• the matter is urgent;
  • one or both parties are unable to participate in family dispute resolution;
  • there has been or is a risk of family violence by one party of the parties; and
  • there is a risk of abuse of a child/children by one of the parties.

 

The Federal Circuit Court

The Federal Circuit Court offers a Court system parallel to the Family Court. This Court also has other federal jurisdiction, including bankruptcy. It combines its federal jurisdiction with family law matters

The purpose of the Federal Circuit Court is to provide a faster, less expensive and less complex option for litigants and also to ease the workload of the Family Court. This allows the Family Court to focus on complicated matters that require the attention of a superior Court Judge.

The use of conciliation counselling and mediation will be strongly encouraged in appropriate cases, using both community-based counselling and mediation and the Family Court services.

The Federal Circuit Court shares its jurisdiction with the Family Court and the Federal Court. The Federal Circuit Court legislation includes provisions that enable Federal Circuit to develop procedures that are simple and as efficient as possible, including power to make rules to set time limits for witnesses and to limit the length of both written and oral submissions.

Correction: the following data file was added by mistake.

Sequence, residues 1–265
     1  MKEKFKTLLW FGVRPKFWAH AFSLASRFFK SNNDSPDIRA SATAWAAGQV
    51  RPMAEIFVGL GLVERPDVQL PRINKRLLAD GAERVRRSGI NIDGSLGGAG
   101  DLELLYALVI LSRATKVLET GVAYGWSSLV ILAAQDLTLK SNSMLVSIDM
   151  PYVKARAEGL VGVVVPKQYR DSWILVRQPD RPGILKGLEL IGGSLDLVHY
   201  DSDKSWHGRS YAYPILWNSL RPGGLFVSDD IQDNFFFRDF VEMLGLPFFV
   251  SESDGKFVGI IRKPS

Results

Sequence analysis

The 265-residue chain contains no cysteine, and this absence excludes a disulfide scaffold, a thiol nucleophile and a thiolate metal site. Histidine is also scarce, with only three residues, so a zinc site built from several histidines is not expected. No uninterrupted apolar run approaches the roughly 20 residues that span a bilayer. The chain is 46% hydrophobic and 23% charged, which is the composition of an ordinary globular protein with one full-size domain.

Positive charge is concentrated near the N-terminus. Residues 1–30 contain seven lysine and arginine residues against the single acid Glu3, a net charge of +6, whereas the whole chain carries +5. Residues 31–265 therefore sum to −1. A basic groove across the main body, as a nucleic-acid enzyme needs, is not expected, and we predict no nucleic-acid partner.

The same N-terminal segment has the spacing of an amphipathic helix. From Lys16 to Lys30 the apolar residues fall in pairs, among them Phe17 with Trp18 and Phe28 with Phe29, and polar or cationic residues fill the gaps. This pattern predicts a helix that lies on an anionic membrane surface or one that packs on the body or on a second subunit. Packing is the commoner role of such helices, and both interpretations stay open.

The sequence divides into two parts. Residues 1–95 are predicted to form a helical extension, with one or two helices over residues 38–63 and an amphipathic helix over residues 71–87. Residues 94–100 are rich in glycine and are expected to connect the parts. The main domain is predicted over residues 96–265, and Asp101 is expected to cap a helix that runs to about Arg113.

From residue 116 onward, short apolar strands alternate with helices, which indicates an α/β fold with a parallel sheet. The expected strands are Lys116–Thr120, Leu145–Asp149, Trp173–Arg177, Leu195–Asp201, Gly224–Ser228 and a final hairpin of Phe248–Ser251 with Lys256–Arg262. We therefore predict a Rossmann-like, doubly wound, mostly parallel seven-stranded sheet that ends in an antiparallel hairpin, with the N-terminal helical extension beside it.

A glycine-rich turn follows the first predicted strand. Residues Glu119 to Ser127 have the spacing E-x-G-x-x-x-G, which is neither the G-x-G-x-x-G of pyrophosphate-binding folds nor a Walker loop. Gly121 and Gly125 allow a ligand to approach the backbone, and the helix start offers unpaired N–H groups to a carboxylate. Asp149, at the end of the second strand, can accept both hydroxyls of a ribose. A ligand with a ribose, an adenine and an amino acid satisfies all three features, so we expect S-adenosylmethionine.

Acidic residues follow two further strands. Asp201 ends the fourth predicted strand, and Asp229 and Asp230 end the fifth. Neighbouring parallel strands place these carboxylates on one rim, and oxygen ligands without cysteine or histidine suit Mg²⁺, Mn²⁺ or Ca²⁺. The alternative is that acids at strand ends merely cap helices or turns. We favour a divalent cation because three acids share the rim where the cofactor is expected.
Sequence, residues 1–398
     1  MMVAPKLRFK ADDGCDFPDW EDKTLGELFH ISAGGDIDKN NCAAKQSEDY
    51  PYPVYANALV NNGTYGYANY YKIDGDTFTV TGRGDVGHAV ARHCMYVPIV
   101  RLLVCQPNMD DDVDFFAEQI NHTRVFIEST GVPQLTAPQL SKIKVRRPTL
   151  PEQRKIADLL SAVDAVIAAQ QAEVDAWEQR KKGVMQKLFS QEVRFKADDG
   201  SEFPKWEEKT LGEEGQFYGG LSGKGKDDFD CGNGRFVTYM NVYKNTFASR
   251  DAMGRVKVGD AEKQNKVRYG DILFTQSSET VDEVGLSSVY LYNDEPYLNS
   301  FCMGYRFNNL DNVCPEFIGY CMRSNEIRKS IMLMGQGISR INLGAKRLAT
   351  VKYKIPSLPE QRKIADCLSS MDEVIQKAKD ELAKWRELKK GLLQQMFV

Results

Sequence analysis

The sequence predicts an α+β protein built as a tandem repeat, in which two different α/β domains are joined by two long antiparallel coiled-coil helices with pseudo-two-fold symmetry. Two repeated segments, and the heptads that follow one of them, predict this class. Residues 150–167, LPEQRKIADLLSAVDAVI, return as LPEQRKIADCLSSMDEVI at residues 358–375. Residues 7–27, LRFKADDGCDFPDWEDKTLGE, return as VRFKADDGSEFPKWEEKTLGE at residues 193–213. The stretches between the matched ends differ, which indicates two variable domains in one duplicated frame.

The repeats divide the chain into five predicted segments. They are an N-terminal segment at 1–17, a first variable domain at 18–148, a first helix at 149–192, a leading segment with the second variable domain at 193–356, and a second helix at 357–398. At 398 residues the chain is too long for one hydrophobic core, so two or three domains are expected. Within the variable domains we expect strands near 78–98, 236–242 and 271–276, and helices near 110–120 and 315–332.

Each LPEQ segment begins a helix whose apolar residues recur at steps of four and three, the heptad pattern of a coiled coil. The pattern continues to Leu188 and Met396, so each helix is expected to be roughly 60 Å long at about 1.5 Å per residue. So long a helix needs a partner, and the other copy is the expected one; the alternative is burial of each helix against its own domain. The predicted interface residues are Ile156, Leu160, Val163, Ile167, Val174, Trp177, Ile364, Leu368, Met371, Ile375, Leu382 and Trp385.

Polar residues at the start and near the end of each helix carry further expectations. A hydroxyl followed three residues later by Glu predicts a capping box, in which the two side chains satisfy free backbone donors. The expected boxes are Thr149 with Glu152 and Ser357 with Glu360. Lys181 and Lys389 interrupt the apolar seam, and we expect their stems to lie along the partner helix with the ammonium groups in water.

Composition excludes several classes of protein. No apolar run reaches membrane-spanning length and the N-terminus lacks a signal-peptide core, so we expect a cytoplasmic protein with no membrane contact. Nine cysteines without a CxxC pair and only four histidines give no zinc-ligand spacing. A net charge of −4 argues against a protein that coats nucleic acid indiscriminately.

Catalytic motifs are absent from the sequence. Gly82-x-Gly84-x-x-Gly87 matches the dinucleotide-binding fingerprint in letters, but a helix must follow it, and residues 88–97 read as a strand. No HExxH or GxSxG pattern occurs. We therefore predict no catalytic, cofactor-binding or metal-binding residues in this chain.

Costs of Proceedings in the Family Court or the Federal Circuit Court

Normally, each party pays their own costs associated with the Court proceedings. In some instances, a party may seek a ‘Costs Order’ against the other party in their application brought before the Court.  The Courts do have discretion to award costs against the other party in certain circumstances.

Costs may be awarded where the proceedings that have been instituted are frivolous or for some other reason the party was unreasonable in opposing or bringing applications. Costs are awarded on the actual work relating to the Court proceedings and are based on the Family Court scale, at the discretion of the Court or an indemnity basis.

Fact: An overwhelming majority of cases are resolved by agreement between parties and historically, only 4% of matters in the Family Court have required a judicial decision.

Marriages Families and Separation factsheet

Link to the Queensland Collaborative Law website

http://qcl.org.au/